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I'm a researcher and so far I've been accumulating hundreds of papers, articles... The point is that I want to organize them by choosing a consistent file naming convention. This is driving me crazy.

I explain better. Let us consider, e.g., an article whose title is "An Article with an Interesting Content", by Mister Writer, published in 1999. Since I would like the names to be quite short for readability, my first guess was something like this:

"Writer-1999.pdf"

The problem with this is that I can not search among files by the articles titles. So I went for

"An_Article_with_an_Interesting_Content-Writer-1999.pdf"

which I personally find kind of cumbersome.

What do you think?

EDIT: I work on a Linux/Unix machine with LaTeX. I haven't choosen a software to manage documents yet.

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please add information about your operating system and maybe about other software you might want to use the references in for writing scientific publications (LaTeX, MS Word, LibreOffice, ...?) –  Martin Feb 6 at 13:49
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9 Answers

I think you should use a destinated software for managing your reference files. Article titles usually are quite lengthy and I (personally) would leave them out of the filename or at least only use an abbreviated version.

There are a lot of powerful solutions to manage literature and reference information. It would be very helpful to know more about your operating system and working environment to give a speficic advice.

Software for managing bibliographic data and notes

For Linux and LaTeX I'd recommend using JabRef, which can manage your Bib(La)TeX bibliography very comfortably. It's open source, platform independent and very powerful - I've used it for years. It can even manage your collection of PDFs for you, if you like that.

I'm working with a system where the PDF is only named AuthorYear, e. g. Miller2010b or Bush1989f and all other information is only contained in the bibliographic metadata in JabRef (as well as in the full text of the pdf).

For taking notes or saving excerpts of those papers, I had a large collection of text snippets, each one with a title starting with the source like "Miller2010b: reference managers are very useful"

I'd also recommend having a look at Docear which is also free and open source and extends the concept of JabRef (which is integrated in Docear) to a very powerful note taking system based on mindmaps.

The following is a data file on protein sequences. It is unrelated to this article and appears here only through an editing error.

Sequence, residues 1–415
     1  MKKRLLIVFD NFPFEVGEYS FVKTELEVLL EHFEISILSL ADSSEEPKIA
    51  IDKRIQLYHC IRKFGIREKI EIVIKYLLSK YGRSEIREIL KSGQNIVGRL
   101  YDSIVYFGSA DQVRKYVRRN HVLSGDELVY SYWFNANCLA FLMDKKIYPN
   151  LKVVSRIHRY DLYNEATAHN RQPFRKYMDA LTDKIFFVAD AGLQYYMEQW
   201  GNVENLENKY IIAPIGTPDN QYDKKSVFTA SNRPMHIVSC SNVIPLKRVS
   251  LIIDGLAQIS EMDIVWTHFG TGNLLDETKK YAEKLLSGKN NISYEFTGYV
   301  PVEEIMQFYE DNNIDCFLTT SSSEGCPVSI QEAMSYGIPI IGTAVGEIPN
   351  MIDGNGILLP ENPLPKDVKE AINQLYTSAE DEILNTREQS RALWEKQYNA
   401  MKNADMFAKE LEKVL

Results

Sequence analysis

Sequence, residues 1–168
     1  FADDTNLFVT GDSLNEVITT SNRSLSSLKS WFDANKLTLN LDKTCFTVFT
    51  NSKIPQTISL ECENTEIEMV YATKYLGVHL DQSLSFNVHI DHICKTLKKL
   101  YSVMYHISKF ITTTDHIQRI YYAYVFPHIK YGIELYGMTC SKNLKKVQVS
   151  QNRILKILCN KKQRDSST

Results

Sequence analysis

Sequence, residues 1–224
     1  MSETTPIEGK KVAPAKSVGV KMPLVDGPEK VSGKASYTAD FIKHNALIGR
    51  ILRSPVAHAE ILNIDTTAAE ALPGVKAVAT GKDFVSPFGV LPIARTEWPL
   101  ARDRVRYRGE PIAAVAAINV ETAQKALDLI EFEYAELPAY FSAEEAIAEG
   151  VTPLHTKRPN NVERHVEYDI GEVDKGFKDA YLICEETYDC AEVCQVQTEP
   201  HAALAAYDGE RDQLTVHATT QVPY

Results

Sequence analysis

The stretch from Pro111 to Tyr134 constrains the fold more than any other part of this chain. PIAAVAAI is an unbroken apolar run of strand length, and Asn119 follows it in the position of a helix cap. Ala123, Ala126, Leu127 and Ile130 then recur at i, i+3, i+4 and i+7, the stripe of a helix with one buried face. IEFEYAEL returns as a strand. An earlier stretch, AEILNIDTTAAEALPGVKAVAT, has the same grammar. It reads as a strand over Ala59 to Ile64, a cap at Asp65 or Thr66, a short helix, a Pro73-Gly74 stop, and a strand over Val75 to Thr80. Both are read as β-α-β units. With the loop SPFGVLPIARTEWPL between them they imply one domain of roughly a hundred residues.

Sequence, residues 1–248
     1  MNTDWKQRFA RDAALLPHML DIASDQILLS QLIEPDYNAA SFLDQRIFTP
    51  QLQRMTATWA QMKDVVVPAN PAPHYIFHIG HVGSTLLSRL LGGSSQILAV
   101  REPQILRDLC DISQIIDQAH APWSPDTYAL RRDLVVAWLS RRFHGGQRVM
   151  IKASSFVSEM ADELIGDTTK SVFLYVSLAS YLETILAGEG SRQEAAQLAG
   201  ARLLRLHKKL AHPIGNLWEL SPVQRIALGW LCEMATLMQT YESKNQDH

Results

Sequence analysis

Another way of taking, managing and tagging notes is e. g. Emacs orgmode, which also can work together with LaTeX or other markup languages.

other sources

I'd also recommend having a look at this site: http://www.organognosi.com/ The author built a very sophisticated system for note taking etc. in a scientific working environment. Some of the tools used there are only available for MacOS X, but the general idea might be very inspiring.

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+1 tagging and metadata is where it's at. –  Raystafarian Feb 7 at 15:09
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Caution: I've been doing this for 8+ years, so I'm pretty much committed to my way of doing things. Beware of commitment bias!

Here's my flow for your reference. I use a similar file naming scheme:

Author1_Author2_Title_JournalAbbrev_Year.pdf

I have a directory structure that group papers I read/saved for a day nested inside a rough classification:

$REFROOT$/Neuroscience/20140205_spatial_memory_task/

This allows me to quickly search files in most cases, or just browse what I have researched in the past. To search for an author I would search filenames containing "lastName_" and it lists papers with that author.

For every paper, I also use citeulike.com to save the bibliographic information, keywords/tags, and also the personal pdf's. Often times I do not have network access, and since local file system lookup is faster, I first search locally. If I need to view "all papers by author1" or "all papers tagged ABC", I use citeulike. Citeulike has 2 advantages: the smart bookmarklet can automatically extract information from journal websites or from ISBN/doi, and exporting them to BibTeX entries is a single click.

I do not use this functionality, but JabRef can add to your BibTeX file the location of your pdf. This would be similar to using Papers in Mac to organize all your papers.

These tools operate smoothly cross-platform, and I use them across Windows, Linux, and Mac OS machines.

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You need software that lets you search within the PDF text. The filename should almost be irrelevant, because you are probably more likely to remember a sentence or concept from within the paper than the exact author name. A program like Evernote can do in-document searching; in fact, your normal operating system should be able to look within most OCRed documents. Have you tested searching within document text using Finder (Mac) or Explorer (Windows)?

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Author info is important meta data that searching PDF wouldn't do. Title info is also not going to be easily accessible either. Because in the bibliography of many papers, same author names and titles will appear. –  Memming Feb 6 at 17:31